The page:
Tuesday, June 17, 2008

Beware Wolves in Sheep's Clothing


A common Protestant Interpretation:

Scripture is full of warnings about false leaders and the fact that we should beware of them.
Acts (20:30) says that "Even from your own number men will arise and distort the truth..." And Jesus said to "beware of wolves in sheep's clothing." That means the most dangerous people will be those who rise up within the church and are not dealt with.

For this reason, we (major paraphrase here . . . ) have to be careful about which pastor to follow, and which church we make our church home. We have to be lead by the Holy Spirit. (feel free to visit the post, My Holy Spirit or Yours? concerning this sentence!)

H/T to PSCSG for this Catholic Response -- First she is attentive to the "we":

WE?....excuse me but just WHERE does it say that individual believers are to execute judgment
on on Our Lord's Church?

If you examine the writings of the early church fathers and the history of the early church, you can see the context of the warnings of those "wolves in sheep's clothing"...it is those who teach without the authority of the Church. Or those who continued to preach heresy after they were disciplined by their local bishops. The mere presence of the writings of the ECF's is stark testimony to the fact that the early church was indeed highly organized and the bishops held the teaching authority. They [the early bishops] wrote letters to churches in far flung places as if they expected that they had authority over these congregations and guess what? They DID! It is for the bishops to determine who are the wolves in sheep's clothing and NOT for the lay people. In fact, it was the bishops who continually had to remind the faithful that they were to remain faithful to the teachings of the bishops and NOT make their own judgments about the many heretics running around.

Protestant Quoted Interpretation continued:
We must continue to rely on discernment from the Holy Spirit and the Bible


PSCSG's Catholic Response:
which of course begs for the question.....What did they do BEFORE the Bible was written? And who was it that decided what was and was not Sacred Scripture? And how is it that so many people who accept without question the judgment of the men who were so full of the Holy Spirit that they were able to discern what was and was not supposed to be in canon...then reject what those men believed it to be say. They men who set the canon of Sacred Scripture were NOT sola scriptura. They were not sola fide. They believed in purgatory. They believed in the Real Presence of Jesus in the Eucharist.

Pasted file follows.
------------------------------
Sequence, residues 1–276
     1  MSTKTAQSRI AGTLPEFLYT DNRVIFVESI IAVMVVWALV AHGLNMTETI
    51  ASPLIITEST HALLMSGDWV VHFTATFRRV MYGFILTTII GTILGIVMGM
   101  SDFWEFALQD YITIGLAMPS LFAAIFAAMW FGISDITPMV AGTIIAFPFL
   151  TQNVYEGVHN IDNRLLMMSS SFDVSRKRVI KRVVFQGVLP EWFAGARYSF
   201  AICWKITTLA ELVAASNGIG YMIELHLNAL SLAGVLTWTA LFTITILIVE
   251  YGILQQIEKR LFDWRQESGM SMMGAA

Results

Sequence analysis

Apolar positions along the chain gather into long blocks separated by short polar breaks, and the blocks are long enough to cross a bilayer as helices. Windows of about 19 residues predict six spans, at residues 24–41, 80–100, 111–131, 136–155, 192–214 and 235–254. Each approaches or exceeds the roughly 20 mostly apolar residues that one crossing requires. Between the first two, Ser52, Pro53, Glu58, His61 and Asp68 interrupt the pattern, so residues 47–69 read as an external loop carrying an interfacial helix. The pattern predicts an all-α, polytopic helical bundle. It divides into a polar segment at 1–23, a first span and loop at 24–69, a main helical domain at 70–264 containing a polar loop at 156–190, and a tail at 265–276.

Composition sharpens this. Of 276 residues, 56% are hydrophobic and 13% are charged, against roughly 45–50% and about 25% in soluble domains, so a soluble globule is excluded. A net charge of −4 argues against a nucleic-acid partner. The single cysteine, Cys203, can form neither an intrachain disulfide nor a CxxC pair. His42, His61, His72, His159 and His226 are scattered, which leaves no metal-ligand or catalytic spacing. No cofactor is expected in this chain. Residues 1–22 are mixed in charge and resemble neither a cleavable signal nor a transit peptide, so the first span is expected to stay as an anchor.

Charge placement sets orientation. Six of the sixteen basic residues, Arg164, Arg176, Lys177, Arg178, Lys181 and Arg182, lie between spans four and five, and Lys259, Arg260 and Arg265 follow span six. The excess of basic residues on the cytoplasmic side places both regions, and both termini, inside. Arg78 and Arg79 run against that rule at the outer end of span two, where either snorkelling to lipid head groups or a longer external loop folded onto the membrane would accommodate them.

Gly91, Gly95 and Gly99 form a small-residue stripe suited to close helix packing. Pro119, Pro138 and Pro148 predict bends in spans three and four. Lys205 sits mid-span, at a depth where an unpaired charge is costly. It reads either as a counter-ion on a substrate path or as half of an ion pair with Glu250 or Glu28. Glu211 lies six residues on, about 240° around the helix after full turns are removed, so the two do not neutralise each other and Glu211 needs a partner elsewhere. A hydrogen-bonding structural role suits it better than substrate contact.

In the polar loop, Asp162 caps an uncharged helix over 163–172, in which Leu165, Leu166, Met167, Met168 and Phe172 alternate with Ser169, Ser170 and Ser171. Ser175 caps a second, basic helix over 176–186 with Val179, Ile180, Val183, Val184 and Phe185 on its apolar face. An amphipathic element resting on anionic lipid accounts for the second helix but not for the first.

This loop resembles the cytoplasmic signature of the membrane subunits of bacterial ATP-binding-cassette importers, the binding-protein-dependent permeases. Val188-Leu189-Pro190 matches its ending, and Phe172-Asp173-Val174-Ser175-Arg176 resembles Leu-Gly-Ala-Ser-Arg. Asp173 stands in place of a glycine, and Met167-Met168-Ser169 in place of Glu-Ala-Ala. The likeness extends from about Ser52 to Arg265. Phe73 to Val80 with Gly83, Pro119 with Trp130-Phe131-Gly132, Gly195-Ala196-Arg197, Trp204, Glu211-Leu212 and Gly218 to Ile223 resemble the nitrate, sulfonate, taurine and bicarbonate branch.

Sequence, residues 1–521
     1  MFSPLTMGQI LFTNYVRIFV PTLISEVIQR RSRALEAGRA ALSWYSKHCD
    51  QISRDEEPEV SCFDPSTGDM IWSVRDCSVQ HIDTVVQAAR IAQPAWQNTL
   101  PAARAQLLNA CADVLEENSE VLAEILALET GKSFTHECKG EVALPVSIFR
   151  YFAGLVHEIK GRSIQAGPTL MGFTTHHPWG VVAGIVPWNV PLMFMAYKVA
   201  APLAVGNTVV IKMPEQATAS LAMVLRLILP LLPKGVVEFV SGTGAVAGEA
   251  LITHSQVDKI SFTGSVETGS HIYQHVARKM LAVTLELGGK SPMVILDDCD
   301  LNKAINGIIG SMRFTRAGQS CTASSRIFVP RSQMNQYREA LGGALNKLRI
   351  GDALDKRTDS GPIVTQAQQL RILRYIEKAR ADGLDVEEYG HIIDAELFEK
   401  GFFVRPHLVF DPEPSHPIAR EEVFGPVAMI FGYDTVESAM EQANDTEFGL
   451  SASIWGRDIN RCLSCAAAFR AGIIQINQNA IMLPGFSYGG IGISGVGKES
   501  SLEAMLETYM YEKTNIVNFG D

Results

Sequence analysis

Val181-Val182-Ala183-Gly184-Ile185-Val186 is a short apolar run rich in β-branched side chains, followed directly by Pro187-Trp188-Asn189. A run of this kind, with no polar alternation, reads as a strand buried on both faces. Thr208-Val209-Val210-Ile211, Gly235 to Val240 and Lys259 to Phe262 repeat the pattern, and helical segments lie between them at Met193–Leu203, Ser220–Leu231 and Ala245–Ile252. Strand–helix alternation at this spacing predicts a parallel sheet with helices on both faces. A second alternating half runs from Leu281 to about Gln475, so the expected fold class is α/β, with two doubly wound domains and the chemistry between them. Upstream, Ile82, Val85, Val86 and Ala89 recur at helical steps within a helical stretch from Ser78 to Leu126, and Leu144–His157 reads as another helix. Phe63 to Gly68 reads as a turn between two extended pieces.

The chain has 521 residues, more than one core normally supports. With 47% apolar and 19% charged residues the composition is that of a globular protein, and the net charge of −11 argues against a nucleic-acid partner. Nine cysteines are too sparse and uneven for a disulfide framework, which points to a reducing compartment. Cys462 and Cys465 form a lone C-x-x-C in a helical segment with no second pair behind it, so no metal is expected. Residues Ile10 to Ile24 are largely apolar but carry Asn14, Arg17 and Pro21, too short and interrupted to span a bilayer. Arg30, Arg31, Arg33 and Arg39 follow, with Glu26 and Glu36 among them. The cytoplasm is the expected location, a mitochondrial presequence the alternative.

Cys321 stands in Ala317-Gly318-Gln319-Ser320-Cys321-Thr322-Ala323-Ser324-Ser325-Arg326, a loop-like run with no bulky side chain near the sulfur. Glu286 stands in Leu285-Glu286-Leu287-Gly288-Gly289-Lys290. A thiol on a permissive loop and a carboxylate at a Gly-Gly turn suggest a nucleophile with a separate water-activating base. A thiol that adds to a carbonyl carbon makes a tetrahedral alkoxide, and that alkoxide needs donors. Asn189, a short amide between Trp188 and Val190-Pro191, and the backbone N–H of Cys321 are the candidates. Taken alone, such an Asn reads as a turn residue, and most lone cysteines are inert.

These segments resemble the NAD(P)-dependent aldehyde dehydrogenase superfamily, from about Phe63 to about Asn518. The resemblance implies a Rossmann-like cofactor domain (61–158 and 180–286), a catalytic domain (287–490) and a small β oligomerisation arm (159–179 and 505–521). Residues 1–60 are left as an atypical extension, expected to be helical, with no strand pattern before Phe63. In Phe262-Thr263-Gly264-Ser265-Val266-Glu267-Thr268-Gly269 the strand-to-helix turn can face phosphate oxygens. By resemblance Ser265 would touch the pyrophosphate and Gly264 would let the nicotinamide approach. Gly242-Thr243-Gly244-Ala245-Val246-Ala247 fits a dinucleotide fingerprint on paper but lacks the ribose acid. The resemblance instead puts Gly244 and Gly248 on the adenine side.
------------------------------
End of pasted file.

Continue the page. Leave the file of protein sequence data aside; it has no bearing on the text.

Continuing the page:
Back to my question? The canon of the NT was set at the councils of Carthage and Hippo in 393 and 397. (And before you say that everyone agreed on the canon anyway....no they didn't. They reason for calling those councils was precisely because there was disagreement.)
  • How on EARTH did those poor Christians most of whom didn't have a copy of a single book of the NT and even if they did couldn't read it....live a Christian life?
  • How do illiterate Christians....and that would be that majority of Christians throughout history.....use the Holy Spirit and the Bible?
  • And if they were supposed to use the Bible and not the living authority of the Jesus founded by Jesus Christ....why is it, that writing the Bible and then setting a canon wasn't an early Church priority.

2 comments:

Micki said...

WOW - This says sooo much. What a need for prayer to discern.
I also love the photo you used...may I ask where it came from? I've never seen it and it really is an example of "a picture is worth a thousand words." Thanks.

Alexandra said...

All I can say is I am glad I don't have to be my own theologian and reinvent the wheel! Over two thousand years of the greatest spiritual minds hacking out Jesus' message is enough for me. Why would it not be enough for others? I'm always puzzled by this, and it also makes me think of arrogance and pride.

In this country, because of our history there is the sense that Christianity began with the protestant faith. Being a cradle Catholic raised mostly in Catholic Latin America it strikes me as weird. Weird because there is historical amnesia.

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